An Iranian-American professor, Reza Aslan in an phone interview with The Malaysian Insider (TMI) criticised Putrajaya for “… setting itself up as a “parent” rather than an elected government, in banning the use of the word Allah among non-Muslims and dictating how Malaysian Muslims should practise their faith.”
My question is, what right has Reza Aslan to criticise a policy of another country and of a religion that he does not believe in?
Reza Aslan is a liberal and pluralist but claiming himself as a Muslim and is telling the Muslims that his ideology is the true Islamic teaching.
In 2014, Aslan described Islam as: “a man-made institution. It’s a set of symbols and metaphors that provides a language for which to express what is inexpressible, and that is faith. It’s symbols and metaphors that I prefer, but it’s not more right or more wrong than any other symbols and metaphors. It’s a language, that’s all it is.” – Wikipedia
Does he knows that being a liberal and pluralist is against the teaching of Islam?
If he does not understand Islam, how could he teaches an Islamic sovereign country about Islam?
It is weird when a person who does not even believe or follow the teaching of a religion thinks that he understands the religion better than the religious authorities of the religion itself.
Reza Aslan must learn to respect other religions and not to criticise others who do not share his belief in liberalism, pluralism and the Syiah teaching.
TMI also reported:
He (Reza Aslan) questioned as to why Malaysia should have a single official version of Islam for its citizens to follow, given that Islam is one of the most diverse religions in the world. – TMI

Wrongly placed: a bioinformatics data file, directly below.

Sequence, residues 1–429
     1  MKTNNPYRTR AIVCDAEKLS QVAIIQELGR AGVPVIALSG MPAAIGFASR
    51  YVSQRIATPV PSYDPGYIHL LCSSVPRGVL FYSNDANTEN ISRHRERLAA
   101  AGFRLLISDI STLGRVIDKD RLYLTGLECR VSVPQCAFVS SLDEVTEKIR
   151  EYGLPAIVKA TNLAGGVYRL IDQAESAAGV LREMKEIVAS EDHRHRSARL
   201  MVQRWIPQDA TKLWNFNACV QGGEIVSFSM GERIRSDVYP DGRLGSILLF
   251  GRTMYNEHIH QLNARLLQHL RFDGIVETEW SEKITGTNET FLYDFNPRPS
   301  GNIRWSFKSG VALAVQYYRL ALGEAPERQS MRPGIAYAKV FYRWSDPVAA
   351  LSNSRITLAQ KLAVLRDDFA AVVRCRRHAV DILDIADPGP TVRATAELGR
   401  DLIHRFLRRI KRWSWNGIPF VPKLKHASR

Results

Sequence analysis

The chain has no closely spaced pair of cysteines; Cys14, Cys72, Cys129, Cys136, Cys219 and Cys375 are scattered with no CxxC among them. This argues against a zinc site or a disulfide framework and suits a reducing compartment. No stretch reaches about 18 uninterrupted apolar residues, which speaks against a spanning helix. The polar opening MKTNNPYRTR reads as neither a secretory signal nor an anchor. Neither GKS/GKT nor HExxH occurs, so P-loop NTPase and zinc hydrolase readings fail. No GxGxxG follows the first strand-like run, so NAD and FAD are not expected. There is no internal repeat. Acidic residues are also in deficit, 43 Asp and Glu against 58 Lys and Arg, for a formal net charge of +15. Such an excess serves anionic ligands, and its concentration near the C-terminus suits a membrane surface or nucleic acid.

Reza Aslan is a liberal and pluralist, so he does not understand or believe in the true teaching of Islam.
In Malaysia, we are the Muslims of Ahli Sunnah Wal Jamaah from the Shafie school of thought or madhhab, so this is the guideline followed by our Islamic authorities.
And since there is only four school of thoughts in Islam, I think Reza Aslan’s statement that, “Islam is one of the most diverse religions in the world,” is wrong.
There are lots of deviant teachings which claimed to be a part of Islam, for example, Syiah; but the rules of Syiah is against the rules of Islam.
Here’s another quote from TMI, that proves how narrow-minded Reza Aslan is:
“So I think the Malaysian people need to make a decision, do they want to be like Afghanistan, Pakistan, Saudi Arabia or Iran?” – TMI.
It is hard to imagine that we want to be like Iran because Iran is a Syiah country and Syiah is not a part of Islam when Article 3(1) of the Federal Constitution of Malaysia says that Islam is the religion of the Federation; so we’ll not follow Iran.
Malaysia is a sovereign country and we have our own rules and constitution so we’ll be Malaysia, not Iran nor Sweden or Singapore.
We are not a secular country the way Reza Aslan wants us to be.
As a liberal and pluralist, Reza Aslan does not like the idea of an Islamic country having religious authorities that help to take care of Islam and the Muslims in the country:
“Theologian Reza Aslan says centralised religious authorities should not exist in countries that profess to adhere to Islam.”- TMI.
If Reza Aslan is a good Muslim, he’ll not make neither the above statement nor will he make the below statement because we need to follow our madhhab or school of thought and not simply mixing things from any madhhab that we find easier or more convenient for us.
“Islam allows me to follow any mufti that I please. We don’t have a pope, we don’t have a bishop who tells us what we can do.” – TMI.
Lastly, Reza Aslan must not make ridiculous comments about the Allah issue if he does not understand the real issue because his comments only sounds exactly the same as the voices of the Malaysian opposition leaders and supporters including TMI who interviewed him for the above article.
TMI publishes lots of confusing articles to promote the liberals and pluralists but claiming that they are better Muslims than the Muslims themselves.